title 	 = {Beside the Fire: a Collection of Irish Gaelic folk stories; with additional notes by Alfred Nutt},
  author 	 = {Douglas Hyde},
  edition 	 = {1},
  note 	 = {lviii + 203 pages},
  publisher 	 = {David Nutt},
  address 	 = {London },
  date 	 = {1890}


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Project description: CELT: Corpus of Electronic Texts

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The present text covers pages 171 to 183 and the notes on p. 193–4 of the volume.

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Correction: Text has been checked and proof-read twice.

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Segmentation: div0=the folk-tale. Page-breaks are marked pb n="".

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Profile description

Creation: Translation by Douglas Hyde; original Irish 19th century.

Date: 1890

Language usage

  • The Text is in English. (en)
  • Some Irish words occur in the tale and notes. (ga)

Keywords: folklore; folktale; Trunk without head; prose; 19c; translation

Revision description

(Most recent first)

  1. 2012-05-03: File proof-read (2); more strucural makup applied; header created; file parsed; SGML and HTML files created. (ed. Beatrix Färber)
  2. 2012-05-01: File proof-read (1); basic strucural makup applied. (ed. Olan Daly)
  3. 2012-05-01: File captured. (text capture Beatrix Färber)


Page 157. This description of the decapitated ghost sitting astride the beer-barrel, reminds one of Crofton Croker's “Clooricaun,” and of the hag's son in the story of Paudyeen O'Kelly and the Weasel. In Scotch Highland tradition, there is a “trunk-without-head,” who infested a certain ford, and killed people who attempted to pass that way; he is not the subject, however, of any regular story.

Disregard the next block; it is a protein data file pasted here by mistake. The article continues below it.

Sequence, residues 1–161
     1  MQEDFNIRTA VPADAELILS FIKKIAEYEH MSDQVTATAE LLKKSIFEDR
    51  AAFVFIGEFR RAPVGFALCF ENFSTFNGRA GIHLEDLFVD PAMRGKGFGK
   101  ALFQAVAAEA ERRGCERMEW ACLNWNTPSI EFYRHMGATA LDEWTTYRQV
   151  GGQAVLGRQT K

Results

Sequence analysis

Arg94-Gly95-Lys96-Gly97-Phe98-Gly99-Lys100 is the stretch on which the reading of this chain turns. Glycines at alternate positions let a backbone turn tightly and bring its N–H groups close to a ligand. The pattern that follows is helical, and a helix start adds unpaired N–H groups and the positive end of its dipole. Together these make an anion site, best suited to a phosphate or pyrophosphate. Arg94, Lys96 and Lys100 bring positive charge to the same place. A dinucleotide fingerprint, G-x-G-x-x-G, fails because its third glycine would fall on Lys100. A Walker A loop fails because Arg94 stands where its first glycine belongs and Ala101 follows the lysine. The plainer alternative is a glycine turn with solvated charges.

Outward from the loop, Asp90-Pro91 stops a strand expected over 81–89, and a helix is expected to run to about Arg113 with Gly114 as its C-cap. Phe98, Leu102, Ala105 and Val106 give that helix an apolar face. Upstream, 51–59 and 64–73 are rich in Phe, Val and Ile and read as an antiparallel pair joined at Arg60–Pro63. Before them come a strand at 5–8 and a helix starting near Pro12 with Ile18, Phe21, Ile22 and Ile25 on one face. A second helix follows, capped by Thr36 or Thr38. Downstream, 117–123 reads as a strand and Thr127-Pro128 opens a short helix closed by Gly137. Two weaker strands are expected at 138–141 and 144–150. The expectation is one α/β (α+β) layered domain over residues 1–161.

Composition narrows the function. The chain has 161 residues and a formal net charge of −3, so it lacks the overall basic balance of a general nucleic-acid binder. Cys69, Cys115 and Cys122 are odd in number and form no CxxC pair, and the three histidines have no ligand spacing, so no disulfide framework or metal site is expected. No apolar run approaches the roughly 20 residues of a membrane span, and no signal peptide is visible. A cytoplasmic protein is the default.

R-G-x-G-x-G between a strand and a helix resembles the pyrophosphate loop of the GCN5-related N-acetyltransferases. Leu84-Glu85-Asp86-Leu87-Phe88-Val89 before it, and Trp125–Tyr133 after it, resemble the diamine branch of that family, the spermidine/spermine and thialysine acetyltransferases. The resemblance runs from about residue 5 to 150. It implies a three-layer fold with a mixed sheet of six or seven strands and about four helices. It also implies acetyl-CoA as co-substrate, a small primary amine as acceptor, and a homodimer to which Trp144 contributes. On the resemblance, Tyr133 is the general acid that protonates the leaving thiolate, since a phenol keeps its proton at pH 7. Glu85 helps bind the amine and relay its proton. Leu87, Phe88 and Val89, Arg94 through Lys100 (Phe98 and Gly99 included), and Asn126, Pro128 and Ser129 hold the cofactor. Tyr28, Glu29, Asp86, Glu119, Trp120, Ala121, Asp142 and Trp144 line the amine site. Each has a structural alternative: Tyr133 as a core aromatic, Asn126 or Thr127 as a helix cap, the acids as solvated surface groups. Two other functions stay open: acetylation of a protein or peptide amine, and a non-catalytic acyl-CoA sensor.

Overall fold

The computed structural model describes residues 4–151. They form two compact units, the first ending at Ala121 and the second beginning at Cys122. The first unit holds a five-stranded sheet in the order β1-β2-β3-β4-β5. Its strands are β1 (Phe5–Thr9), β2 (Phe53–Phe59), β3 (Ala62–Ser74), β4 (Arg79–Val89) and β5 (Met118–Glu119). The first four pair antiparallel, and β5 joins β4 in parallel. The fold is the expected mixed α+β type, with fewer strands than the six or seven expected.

In a variant of this tale the hero's name is Labhras (Laurence) and the castle where the ghost appeared is called Baile-an-bhroin (Ballinvrone). It is also mentioned, that when the ghost appeared in court, he came in streaming with blood, as he was the day he was killed, and that the butler, on seeing him, fainted.


It is Donal's courage which saves him from the ghost, just as happens in another story which I got, and which is a close Gaelic parallel to Grimm's Man who went out to learn to shake with fear2 The ghost whom the hero lays explains that he had been for thirty years waiting to meet some one who would not be afraid of him. There is an evident moral in this.

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  1. That means “It was well for yourself it was so.” This old Elizabethan idiom is of frequent occurrence in Connacht English, having with other Elizabethanisms, either filtered its way across the island from the Pale, or else been picked up by the people from the English peasantry with whom they have to associate when they go over to England to reap the harvest. 🢀

  2. Von einem der auszog, das Gruseln zu lernen. 🢀